miss_s_b: (feminist heroes: DCI Gill Murray)
[personal profile] miss_s_b
Look, I've gone over this lots of times before. The post from 2013 I link there lists seven pretty strong reasons to be against AWS; both principle (they're objectively wrong) and practical (they make the situation they purport to cure worse) reasons. If the party adopts AWS, I will be leaving.

Yes, something must be done about sexism. Yes, it's embarrassing that all our MPs are white men. That's because we've only got 8 of them. We had lots of women in "winnable" seats; the electorate didn't vote for them. We're really good at selecting women (or BAME or LGBT - we had one of each of those in Calderdale) candidates. Not so good at getting folk to vote for them. Also, we're really crap with the ableism - but working on it. AWS will do nothing to even pretend to address ableism, of course.

Just because "something must be done" DOESN'T MEAN THIS IS IT.

Apart from anything else, increasing the number of rich white heterosexual upper-middle class women at the top of our party will only salve bruised egos and make us have lady faces to put on the news, it will not increase diversity of thought or deed in any meaningful sense, and I am BLISTERINGLY angry that this hasn't got into thick heads yet. Have you people not been WATCHING the Labour party since they adopted this? The siloing of women into AWS seats so that the boys can have a free run. The promotion of women against LGBT and BAME candidates because once you've got one "minority" (and women are actually a majority) you HAVE diversity and don't need to worry. The tickbox culture.

And don't even get me STARTED on what this does to nonbinary folks - and Willie Rennie's clumsily worded "oh, we'll treat them like women" does NOT make me any happier on this.

I'm a feminist. I want to see an end to sexism. That is why I am against all women shortlists - papering over the cracks with a superficial non-solution doesn't solve sexism, it perpetuates it. Fuck that.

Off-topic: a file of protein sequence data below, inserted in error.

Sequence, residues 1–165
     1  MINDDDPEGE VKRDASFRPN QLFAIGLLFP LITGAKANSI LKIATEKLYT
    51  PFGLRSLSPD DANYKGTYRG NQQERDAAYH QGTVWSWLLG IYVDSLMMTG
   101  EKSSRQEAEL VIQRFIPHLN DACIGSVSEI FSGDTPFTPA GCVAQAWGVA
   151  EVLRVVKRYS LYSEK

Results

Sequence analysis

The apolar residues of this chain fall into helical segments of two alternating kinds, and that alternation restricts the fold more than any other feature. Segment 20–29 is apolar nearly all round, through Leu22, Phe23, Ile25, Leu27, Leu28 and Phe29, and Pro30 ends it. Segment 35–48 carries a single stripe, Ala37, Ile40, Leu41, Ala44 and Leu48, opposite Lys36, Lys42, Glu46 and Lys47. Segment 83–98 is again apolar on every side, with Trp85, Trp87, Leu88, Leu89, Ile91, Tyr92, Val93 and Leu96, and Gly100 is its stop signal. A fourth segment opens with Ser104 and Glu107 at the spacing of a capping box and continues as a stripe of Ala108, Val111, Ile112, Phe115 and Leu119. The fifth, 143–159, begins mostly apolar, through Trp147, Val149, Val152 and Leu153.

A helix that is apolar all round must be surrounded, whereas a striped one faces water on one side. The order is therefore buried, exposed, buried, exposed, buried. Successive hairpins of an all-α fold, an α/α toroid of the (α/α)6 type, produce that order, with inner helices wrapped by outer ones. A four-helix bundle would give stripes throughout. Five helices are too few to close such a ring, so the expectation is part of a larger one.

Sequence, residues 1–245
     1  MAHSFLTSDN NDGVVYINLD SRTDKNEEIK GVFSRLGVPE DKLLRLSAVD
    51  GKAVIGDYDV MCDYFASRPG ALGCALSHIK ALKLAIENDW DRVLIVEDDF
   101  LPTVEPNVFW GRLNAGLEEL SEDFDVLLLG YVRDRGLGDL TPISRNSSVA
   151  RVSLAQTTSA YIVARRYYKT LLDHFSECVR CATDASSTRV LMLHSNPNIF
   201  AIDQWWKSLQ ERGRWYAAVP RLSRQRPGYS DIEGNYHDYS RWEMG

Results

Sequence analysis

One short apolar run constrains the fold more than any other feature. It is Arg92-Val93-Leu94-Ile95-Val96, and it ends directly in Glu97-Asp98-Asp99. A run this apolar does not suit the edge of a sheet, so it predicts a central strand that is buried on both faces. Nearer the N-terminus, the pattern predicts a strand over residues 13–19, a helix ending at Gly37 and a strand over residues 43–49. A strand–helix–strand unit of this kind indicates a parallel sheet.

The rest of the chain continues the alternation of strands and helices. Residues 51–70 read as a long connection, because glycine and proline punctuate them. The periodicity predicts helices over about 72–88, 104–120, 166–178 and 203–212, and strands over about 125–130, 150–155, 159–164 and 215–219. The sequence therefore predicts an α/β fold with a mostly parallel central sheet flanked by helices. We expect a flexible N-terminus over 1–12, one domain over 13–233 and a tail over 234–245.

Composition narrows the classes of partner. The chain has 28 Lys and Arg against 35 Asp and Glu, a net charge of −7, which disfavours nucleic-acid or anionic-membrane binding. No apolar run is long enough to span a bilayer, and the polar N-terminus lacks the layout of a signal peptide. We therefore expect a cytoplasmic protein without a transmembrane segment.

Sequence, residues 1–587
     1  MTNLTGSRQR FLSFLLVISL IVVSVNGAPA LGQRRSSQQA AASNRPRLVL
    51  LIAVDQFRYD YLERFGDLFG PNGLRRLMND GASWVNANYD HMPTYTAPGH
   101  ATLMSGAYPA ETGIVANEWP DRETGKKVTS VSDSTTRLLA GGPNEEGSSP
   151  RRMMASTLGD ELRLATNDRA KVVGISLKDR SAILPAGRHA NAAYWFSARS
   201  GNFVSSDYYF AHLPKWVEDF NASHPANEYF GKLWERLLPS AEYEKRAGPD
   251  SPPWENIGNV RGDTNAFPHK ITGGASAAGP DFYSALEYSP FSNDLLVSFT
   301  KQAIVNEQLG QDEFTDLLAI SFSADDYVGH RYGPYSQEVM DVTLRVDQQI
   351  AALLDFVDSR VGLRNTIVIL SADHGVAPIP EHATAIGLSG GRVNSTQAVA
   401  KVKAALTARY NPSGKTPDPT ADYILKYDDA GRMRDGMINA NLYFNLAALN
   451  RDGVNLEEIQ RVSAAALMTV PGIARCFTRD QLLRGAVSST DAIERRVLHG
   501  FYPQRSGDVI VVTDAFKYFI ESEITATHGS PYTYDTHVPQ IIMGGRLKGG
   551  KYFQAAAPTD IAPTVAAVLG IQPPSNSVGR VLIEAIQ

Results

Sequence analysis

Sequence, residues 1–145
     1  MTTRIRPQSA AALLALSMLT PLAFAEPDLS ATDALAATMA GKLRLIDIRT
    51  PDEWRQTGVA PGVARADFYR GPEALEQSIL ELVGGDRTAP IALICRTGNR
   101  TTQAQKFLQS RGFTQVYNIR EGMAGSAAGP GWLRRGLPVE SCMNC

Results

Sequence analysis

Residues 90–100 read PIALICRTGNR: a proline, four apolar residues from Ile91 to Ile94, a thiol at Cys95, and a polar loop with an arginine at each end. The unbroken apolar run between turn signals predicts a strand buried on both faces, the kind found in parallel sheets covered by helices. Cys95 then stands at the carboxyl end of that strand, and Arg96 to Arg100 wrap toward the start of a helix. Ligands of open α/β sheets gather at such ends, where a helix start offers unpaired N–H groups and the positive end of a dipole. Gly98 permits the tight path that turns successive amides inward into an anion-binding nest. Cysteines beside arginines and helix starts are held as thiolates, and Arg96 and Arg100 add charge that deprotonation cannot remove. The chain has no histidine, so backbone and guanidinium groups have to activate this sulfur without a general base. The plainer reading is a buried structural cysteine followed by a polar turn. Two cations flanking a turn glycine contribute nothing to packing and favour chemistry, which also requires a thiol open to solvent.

Date: Monday, January 25th, 2016 06:54 pm (UTC)
From: [identity profile] explorerlaura.blogspot.ca
As a rich white heterosexual upper-middle class woman who could benefit from such a policy, I largely agree. I don't feel like an oppressed minority, especially compared to the working-class male candidates that would probably be the most shafted by this (I say that because let's face it, the rich white heterosexual upper-middle class men are still going to be fine).

I also don't think the last election results really show us anything about our gender representation for obvious reasons.

Having said that, the situation is getting ridiculous and we do cop a lot of flag for it. I do think we need to do something. I'm not convinced this is it. We also haven't tried anything consistently - CGB used to run a mentoring scheme which I found really helpful when I was getting approved for selection, but it doesn't exist any more, so if there are people out there thinking 'I'd like to do this, now what', there's not really anyone to support them (unless they're on the leadership programme, assuming it still exists). I'd like us to try reviving the mentoring programme before AWS.